- Keep the sections of the screen over-sized.
- Add more padding to your elements.
- Make buttons and other click targets larger.
- Take advantage of the wide screen.
- Design for 1280×720 and 1920×1080 resolutions.
More Complex Web Design
The Google TV browser zooms a webpage to fit the width of the screen. So you can design a page for the 720 pixel resolution, and it will work just as well in 1080 pixel resolution. However, if your page uses many images, it’s best to create two separate versions to avoid scaling the images.
Let’s Slap SEO in the Face with Text Issues
Just when you thought all you had to do was deal with colors, resolutions and image issues, Google slaps you upside the face regarding content.
Google TV currently supports only the Droid Sans and Droid Serif font families, but you can use font embedding techniques to create a more customized appearance. However, keep in mind that font embedding, which relies on Flash, will be slower than other methods.
- Break text into small chunks that can be read at a glance.
- Keep line length at about 5–7 words per line. Never go shorter than 3 or longer than 12.
That’s insanity of course. Because the whole idea of a high quality web experience has always been about content that when appropriate, includes lots of depth in text. Of course, minimalist marketers and designers are going to love this limitation.
So they’re saying if you want to use any fonts other than Google’s own fonts, you have to use Flash methods. And this is where we bring it full circle back to the future of SEO and Google TV.
But What About SEO?
All sorts of major brands are scrambling to create Google TV friendly versions of their sites. Amazon, Netflix, the NBA, and a host of others are already on board. That’s all good and fine, but you get the Chrome browser with this thing, so you can surf the web as well. And that’s where all heck breaks out when I think about the issues from an SEO perspective…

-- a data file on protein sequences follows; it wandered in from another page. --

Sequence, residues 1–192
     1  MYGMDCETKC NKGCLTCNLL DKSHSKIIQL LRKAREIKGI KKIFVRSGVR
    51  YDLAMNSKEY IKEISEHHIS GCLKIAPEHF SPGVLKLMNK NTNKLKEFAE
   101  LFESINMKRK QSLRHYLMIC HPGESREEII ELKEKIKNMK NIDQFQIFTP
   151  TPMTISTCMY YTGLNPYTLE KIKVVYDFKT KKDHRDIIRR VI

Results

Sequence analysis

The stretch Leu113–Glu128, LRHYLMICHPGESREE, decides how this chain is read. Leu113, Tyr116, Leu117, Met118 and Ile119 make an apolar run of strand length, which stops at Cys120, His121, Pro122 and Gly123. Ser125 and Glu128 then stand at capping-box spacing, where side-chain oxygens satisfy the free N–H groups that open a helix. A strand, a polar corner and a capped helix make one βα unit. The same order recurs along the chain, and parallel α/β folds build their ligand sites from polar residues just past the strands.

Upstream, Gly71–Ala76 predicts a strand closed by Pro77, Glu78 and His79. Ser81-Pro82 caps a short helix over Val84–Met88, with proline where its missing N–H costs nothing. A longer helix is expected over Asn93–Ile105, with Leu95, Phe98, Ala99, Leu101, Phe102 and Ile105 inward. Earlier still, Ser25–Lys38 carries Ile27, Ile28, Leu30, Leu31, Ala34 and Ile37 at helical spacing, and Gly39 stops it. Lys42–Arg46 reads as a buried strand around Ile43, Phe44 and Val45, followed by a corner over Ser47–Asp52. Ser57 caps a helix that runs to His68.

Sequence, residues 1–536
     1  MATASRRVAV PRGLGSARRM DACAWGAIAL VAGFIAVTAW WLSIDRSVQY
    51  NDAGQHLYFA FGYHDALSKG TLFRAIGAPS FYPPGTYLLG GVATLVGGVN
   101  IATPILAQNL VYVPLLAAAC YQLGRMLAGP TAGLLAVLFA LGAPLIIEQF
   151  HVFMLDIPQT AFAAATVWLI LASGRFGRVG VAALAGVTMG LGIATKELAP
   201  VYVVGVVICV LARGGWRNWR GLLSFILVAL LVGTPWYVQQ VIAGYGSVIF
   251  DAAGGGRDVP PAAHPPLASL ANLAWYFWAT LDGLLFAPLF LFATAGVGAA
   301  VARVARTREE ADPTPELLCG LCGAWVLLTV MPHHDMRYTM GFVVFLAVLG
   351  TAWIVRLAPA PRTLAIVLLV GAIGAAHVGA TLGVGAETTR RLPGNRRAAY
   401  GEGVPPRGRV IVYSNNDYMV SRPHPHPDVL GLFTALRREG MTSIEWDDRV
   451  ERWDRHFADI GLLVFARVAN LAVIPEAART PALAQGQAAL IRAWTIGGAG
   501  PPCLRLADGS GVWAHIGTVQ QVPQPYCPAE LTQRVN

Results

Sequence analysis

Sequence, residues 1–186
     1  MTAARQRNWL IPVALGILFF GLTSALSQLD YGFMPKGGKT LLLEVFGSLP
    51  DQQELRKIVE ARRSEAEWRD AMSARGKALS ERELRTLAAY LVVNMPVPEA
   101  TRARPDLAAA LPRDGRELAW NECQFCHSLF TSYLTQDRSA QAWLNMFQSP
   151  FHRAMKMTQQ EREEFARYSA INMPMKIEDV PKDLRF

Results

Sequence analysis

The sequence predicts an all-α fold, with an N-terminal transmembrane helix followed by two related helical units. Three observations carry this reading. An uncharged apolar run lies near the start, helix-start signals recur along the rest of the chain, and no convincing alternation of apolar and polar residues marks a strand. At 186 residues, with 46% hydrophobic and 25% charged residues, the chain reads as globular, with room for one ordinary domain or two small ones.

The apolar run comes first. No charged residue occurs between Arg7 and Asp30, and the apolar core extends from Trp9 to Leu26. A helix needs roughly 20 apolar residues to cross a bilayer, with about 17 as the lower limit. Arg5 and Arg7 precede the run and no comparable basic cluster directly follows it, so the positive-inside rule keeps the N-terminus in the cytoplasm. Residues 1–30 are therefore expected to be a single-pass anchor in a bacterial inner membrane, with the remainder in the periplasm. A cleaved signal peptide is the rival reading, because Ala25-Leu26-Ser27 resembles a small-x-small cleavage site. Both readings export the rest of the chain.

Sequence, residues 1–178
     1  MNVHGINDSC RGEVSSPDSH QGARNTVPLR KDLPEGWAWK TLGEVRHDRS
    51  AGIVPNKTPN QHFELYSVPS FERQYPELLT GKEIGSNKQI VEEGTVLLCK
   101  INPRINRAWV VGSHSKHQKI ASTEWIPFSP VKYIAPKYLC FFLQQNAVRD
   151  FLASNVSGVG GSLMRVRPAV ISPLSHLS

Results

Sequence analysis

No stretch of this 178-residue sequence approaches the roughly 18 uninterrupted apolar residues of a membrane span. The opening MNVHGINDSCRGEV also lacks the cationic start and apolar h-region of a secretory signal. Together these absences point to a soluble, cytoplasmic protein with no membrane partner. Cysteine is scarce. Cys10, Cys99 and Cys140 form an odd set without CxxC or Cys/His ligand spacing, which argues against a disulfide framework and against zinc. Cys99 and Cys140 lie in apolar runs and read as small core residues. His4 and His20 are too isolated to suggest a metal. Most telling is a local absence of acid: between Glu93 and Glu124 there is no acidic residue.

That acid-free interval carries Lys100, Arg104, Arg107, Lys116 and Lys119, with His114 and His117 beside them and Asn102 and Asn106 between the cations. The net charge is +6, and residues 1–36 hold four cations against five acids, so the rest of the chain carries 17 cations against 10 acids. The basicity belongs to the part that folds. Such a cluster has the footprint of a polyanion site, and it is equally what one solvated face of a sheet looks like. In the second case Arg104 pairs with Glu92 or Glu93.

How many sites are going to be designed by Flash fanatics who want that visual control, where those sites ultimately can’t be given proper SEO treatment?
Will Google allow people using Google TV to search the regular Google index, and if so, does that mean that if you want your content viewable on a Google TV that you have no choice but to have a Google TV version of the site ready to serve up based on detecting that they’re coming to your site via their Google TV?
Or is Google going to come up with some new proprietary tagging you’ll need to implement that addresses some of these issues? And if this thing really takes off, how many small and mid-size businesses are going to be left in the dust once again?
More Questions Than Answers
I’ve got a host of questions beyond what I’ve mentioned here, but I think a lot of it is going to have to just be a wait-and-see thing. Because honestly, the information provided so far is mostly marketing hype with some basic, VERY dangerous recommendations for site developers. And once again, we’re going to need to have to eventually deal with sites that are created without SEO in mind. And sites that will need yet one more custom version, for this new “device”. Just when I was starting to wrap my head around mobile…
Thanks Google. For keeping me on my toes.